Liberal hostility toward Trump aides could galvanize the GOP base, by James Hohmann.
Florida Attorney General Pam Bondi, a Republican who is close with President Trump, was accosted by liberal activists on Friday night as she watched a documentary called “Won’t You Be My Neighbor?” Ironically the film highlights Fred Rogers’s teachings of love and kindness, but Bondi had to be escorted from the theater in Tampa by police as partisans screamed at her.
“I’m not Mister Rogers,” one of the activists told the Tampa Bay Times afterward. “I don’t have the poise or temperament of Mister Rogers.”
“We’re coming to where you’re watching a movie or eating dinner,” added another. “Sorry, not sorry.”
It’s a far cry from Michelle Obama’s 2016 mantra: “When they go low, we go high.”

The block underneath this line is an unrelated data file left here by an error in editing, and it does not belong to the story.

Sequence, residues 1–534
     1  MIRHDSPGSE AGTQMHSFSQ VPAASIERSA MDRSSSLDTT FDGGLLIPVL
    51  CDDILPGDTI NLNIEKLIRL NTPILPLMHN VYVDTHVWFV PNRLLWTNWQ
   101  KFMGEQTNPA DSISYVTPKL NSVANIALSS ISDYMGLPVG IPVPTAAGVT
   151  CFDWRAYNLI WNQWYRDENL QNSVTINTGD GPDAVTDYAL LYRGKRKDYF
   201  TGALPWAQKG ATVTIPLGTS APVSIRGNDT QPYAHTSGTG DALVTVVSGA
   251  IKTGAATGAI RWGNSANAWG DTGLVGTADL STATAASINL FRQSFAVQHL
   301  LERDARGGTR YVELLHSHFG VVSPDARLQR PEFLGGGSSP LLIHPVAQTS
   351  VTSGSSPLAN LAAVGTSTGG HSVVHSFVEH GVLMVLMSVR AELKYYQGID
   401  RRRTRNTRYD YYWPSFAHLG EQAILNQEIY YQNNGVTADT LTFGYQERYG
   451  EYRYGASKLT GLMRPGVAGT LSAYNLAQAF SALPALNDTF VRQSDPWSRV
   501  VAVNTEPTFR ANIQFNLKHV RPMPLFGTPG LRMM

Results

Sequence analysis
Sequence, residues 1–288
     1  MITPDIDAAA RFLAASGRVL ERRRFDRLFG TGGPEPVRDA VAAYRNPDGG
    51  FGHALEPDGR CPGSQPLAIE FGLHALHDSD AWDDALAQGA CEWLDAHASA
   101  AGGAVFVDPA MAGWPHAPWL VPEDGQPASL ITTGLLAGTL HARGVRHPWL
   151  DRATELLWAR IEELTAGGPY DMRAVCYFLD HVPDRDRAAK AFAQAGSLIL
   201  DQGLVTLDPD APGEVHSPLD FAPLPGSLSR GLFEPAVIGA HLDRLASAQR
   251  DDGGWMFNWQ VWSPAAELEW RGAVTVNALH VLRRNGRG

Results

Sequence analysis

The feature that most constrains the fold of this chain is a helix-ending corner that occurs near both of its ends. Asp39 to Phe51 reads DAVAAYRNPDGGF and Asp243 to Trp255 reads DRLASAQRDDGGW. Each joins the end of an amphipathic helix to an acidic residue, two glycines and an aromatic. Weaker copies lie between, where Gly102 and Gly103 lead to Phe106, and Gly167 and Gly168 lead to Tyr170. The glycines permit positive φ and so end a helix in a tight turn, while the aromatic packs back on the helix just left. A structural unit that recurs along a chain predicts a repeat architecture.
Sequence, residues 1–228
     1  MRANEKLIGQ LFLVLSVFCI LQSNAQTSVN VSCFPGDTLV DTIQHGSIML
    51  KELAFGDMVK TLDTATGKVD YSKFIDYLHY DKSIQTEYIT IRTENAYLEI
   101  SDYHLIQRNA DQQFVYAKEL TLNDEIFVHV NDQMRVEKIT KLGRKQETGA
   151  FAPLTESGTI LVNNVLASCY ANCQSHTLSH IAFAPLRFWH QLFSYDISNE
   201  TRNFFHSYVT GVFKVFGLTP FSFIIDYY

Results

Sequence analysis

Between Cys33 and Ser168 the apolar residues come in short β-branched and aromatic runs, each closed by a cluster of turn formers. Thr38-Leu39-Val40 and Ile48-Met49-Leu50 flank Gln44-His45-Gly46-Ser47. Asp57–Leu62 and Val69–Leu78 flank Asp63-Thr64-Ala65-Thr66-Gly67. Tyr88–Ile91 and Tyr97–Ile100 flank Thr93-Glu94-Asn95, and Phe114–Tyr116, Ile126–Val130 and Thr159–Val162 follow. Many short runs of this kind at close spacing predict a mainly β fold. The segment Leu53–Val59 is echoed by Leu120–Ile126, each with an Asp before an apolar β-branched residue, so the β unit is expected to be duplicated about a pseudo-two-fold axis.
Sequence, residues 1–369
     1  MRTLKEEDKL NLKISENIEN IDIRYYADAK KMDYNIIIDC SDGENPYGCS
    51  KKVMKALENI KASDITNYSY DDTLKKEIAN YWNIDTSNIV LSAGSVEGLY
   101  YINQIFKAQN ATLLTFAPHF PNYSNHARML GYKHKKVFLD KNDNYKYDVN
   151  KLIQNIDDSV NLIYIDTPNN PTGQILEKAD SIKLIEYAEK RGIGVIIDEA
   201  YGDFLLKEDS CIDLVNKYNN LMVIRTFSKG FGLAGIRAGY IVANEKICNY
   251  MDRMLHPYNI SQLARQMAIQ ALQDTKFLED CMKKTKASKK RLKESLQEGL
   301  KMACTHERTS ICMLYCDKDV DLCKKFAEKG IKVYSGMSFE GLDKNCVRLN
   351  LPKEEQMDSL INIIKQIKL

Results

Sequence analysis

It’s also increasingly common. On same night Bondi got heckled in Florida, White House press secretary Sarah Huckabee Sanders was asked to leave a restaurant in Virginia, and protesters rallied outside the home of Homeland Security Secretary Kirstjen Nielsen. That came at the end of a week in which Nielsen and White House domestic policy adviser Stephen Miller were heckled at separate Mexican eateries in D.C. One website even posted Miller’s personal cellphone number. …
WaPo hints to its leftist audience that this might be a losing strategy:
It supercharges the president’s sense of grievance and gives fodder for the argument, made in his stump speech, that he and his followers are disrespected. In a backlash to the backlash, there’s evidence in the polls of Republicans rallying around the flag.
The nastiness could also alienate and depress middle-of-the-road independents who prize pluralism.
The political rules have changed, harking back to an earlier less civilized era. Danger ahead.